I have mentioned already that the myoga season runs from summer through fall. I would like to clarify that however, and say that in Japanese myoga eaten in summer is known as summer myoga ( natsu myoga- which comes out from June through August) while that eaten in autumn is the slightly larger aki myoga ( autumn myoga- which comes out between August and October ).
Eating myoga as a vegetable is a custom limited to Japan. In fact, the scientific name for this relative of ginger, Zingiber mioga, is derived from its Japanese name. It grows from Northern Honshu Island all the way down to Okinawa, but is produced commercially in most abundance in Kochi Prefecture (on Shikoku), Akita Prefecture ( in Northern Honshu), and in Nara Prefecture ( in Western Honshu).
Nutritionally speaking, not only does myoga contain plenty of calcium and potassium, but it is to also help improve circulation, stimulate the appetite, and help with digestion.
There is no talking about myoga in Japan without mentioning that eating myoga is said to cause forgetfulness. I have my own theory about the origin of this folk belief. One thing I have noticed from my discussions with people about myoga, is that everyone considers it an ADULT TASTE. In other words, children dont like it. It also seems that older people, and by that I mean elderly people are often very fond of it. Well, maybe that is why eating myoga is linked in the Japanese mind with memory loss- those who eat alot of it really ARE forgetfull.
Seeing Ogawa-Sensei`s myoga flowers last October mean that there was not much more time left to enjoy this distictive Japanese taste. At the supermarket last year I was able to find fresh myoga available through the middle of November . But you can start right now in June! After you`ve become an incurable addict ( like so many Japanese gourmets have), DONT FORGET! You read about it first right HERE!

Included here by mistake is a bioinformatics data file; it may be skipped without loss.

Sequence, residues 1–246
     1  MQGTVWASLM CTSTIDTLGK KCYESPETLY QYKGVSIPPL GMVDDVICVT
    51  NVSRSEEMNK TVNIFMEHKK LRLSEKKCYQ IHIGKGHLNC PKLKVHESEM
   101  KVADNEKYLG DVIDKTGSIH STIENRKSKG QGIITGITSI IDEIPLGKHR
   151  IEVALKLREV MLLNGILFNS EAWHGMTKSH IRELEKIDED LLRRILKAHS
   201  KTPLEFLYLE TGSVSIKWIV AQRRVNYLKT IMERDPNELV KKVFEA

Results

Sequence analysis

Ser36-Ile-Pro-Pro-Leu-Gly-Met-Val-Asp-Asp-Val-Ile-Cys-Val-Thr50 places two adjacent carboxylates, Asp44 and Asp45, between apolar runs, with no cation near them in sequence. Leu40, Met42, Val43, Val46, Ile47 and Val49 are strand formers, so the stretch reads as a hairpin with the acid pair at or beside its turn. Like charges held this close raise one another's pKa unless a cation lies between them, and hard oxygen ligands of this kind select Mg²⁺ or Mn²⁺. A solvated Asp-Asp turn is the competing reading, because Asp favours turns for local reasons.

And if you have any good ideas about how to put myogas flavor into words- let me know.
Here is Mayumi-San`s recipe for MYOGA PICKLES (in her words):
You may use any kind of Japanese vinegar. Boil myogas for just 10 seconds and then put them into iced water immediately so that their texture is kept crispy. Mix sugar (1/2 cup), vinegar (3/4 cup),water (1/2 cup), salt (2 tea spoon (kosaji) in a pan, and boil them. Then cool ( this is called tsuke-zu). Put the cold myogas into the tsuke-zu in a bowl and mix. Keep pressing on them using a small dish to keep their crispiness (paripari-kan) and good appearance.
And her original recipe for MYOGA SUSHI:
You may use any kind of Japanese vinegar.
Mix sugar(15 grams), vinegar(18 grams), and salt (5 grams) in a pan. Boil gently, and then cool ( this makes what is called sushi-zu).You may make 1k su-meshi or shari ( a mixture of fresh steamed rice (takitate gohan) with sushi-zu) by using this amount of sushi-zu. Put a couple of Myoga pickles on hand-shaped su-meshi. Buonissimo!